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Anticipation strategies are designed to help organizations see new and emerging risks and to respond to these emerging problems before they result in crises. The HRO model accepts that not all risks can or will be observed before they manifest into threatening conditions. Thus, the model introduces containment as a means for responding to events “mindfully and swiftly” after they have occurred (Weick and Sutcliffe, 2007, p. 65). Strategies for doing so include a commitment to resilience and deference to expertise.

Commitment to Resilience

From an HRO perspective, organizations are resilient when they are “mindful of events that have already occurred and ... correct them before they worsen and cause more serious harm” (p. 68). Doing so requires organizations to engage in precrisis planning (Seeger, 2006). The National Center for Food Protection and Defense explains that such precrisis planning involves establishing communication networks, assigning communication roles, and having the resources needed before a crisis event occurs (Sellnow and Vidoloff, 2009). Organizations committed to resilience prepare themselves for crises so that, despite the uncertainty, they have the strategies and resources in place to continue to function, recover quickly, and adapt their operations after such events.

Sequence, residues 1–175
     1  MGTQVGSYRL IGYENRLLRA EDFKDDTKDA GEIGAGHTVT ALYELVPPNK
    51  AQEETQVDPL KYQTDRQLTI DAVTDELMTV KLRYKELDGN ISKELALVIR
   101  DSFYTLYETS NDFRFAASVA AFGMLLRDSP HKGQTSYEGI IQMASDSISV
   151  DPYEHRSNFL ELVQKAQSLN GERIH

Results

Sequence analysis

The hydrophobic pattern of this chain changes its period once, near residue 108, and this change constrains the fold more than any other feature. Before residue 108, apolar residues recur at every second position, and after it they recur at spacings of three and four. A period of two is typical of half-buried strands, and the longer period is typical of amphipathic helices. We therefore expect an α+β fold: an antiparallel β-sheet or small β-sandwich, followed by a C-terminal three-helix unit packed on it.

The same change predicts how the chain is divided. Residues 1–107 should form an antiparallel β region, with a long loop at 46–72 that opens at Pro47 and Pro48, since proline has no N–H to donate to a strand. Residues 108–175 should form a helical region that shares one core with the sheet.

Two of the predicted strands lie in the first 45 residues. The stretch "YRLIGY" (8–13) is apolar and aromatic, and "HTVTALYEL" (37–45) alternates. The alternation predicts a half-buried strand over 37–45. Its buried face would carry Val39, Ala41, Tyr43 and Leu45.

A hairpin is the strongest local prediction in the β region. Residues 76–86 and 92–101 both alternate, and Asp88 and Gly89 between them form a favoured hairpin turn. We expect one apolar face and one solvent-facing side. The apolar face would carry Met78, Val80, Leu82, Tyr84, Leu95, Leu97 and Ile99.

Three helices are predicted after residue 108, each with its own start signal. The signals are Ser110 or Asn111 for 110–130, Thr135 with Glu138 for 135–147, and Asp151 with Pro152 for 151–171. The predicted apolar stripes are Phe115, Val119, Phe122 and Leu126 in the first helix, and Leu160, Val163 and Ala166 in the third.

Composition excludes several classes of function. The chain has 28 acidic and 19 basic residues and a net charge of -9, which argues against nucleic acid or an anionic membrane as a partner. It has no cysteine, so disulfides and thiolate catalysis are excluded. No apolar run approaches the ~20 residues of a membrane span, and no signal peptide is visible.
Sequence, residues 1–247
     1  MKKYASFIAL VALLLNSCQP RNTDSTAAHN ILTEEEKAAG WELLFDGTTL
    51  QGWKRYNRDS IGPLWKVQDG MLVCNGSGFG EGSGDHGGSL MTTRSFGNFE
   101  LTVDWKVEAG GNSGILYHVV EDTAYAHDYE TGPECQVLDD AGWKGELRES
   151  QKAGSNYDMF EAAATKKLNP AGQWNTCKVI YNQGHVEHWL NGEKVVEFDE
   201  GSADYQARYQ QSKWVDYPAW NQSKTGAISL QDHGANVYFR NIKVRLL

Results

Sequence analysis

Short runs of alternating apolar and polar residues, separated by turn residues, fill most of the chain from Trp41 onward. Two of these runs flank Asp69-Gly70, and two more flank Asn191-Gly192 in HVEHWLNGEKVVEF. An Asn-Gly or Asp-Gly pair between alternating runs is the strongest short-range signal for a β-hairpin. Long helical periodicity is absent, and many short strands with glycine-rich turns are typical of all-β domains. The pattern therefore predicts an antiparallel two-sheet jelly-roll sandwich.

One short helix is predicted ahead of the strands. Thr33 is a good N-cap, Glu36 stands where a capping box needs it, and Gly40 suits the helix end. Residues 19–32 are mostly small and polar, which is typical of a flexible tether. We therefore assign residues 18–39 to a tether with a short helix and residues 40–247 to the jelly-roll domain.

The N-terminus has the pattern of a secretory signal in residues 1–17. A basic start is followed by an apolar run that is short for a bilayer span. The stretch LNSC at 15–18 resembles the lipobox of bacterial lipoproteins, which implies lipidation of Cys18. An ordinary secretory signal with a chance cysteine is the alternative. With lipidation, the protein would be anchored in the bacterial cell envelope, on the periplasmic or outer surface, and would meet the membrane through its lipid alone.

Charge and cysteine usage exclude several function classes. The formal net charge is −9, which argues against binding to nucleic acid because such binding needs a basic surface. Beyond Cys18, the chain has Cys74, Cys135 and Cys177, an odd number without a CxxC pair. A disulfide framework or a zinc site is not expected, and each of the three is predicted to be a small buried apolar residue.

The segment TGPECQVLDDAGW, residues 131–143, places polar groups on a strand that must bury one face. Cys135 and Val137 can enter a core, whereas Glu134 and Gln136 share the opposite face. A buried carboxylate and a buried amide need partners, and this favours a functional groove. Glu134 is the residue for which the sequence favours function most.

Deference to Expertise

The HRO model does not prioritize organizational hierarchies in the management of risk. In fact, such hierarchies can preclude an organization’s decision makers from receiving the most accurate and informative input regarding failure. Deference to expertise occurs when organizations allow information to flow in all directions throughout the organization so that expertise is shared both upward and downward. For example, regular feedback from line workers can help supervisors regularly revise routine procedures to adjust to evolving risks. Organizations that diminish the role of worker input at any level increase the potential for minor failures to grow into serious crises.

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